CTBT DOES NOT INFLUENCE THE DECISIONS OF POTENTIAL NUCLEAR NATIONS
CTBT HAS NO EFFECT ON SO-CALLED "ROGUE" STATES ANYWAY
ART PINE, TIMES STAFF WRITER, Los Angeles Times, October 8, 1999, Part A; Page 1; HEADLINE: SENATE TO WEIGH RATIFICATION OF NUCLEAR TEST-BAN TREATY // ln-acs
Henry D. Sokolski, director of the conservative Nonproliferation Policy Education Center, offers this reasoning about the treaty, which would bar countries that ratify it from conducting nuclear tests and would beef up international monitoring to detect violations:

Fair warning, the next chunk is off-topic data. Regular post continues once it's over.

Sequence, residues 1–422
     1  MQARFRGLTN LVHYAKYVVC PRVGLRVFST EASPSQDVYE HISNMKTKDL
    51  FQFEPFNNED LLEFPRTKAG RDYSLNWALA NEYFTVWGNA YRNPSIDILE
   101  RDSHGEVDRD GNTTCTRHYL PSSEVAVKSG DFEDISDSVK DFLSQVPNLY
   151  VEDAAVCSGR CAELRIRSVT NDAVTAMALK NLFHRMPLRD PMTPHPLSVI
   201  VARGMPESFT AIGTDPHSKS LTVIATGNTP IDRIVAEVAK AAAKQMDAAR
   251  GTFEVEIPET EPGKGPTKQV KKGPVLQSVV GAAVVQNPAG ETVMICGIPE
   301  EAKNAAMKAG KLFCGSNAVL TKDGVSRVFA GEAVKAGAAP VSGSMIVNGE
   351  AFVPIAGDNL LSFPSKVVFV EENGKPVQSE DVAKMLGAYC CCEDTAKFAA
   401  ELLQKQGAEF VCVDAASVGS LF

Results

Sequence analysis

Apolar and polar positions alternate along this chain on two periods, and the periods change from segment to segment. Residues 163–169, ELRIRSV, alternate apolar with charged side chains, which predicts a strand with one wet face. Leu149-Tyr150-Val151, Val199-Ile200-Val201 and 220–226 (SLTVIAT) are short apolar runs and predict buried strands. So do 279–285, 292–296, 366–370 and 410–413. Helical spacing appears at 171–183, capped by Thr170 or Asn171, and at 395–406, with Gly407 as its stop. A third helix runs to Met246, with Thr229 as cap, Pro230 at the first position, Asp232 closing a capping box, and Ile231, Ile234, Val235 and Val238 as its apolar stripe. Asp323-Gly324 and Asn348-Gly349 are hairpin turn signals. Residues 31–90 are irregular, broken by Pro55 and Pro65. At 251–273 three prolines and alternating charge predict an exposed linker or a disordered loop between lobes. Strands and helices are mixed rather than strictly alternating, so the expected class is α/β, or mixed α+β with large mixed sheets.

* As for so-called rogue states such as North Korea and Iran, treaty critics point out that the nations weren't expected to sign the pact and are unlikely to become major nuclear powers any time soon--even if they step up their bomb-building programs.
VERIFYING THE CTBT WOULD BE VERY DIFFICULT
ERIC SCHMITT, The New York Times August 30, 1999, SECTION: Section A; Page 1; HEADLINE: DEMOCRATS READY FOR FIGHT TO SAVE TEST BAN TREATY // lnu-acs
Although the treaty sets up a global system of sensors to monitor compliance, critics contend that verifying the agreement would be difficult.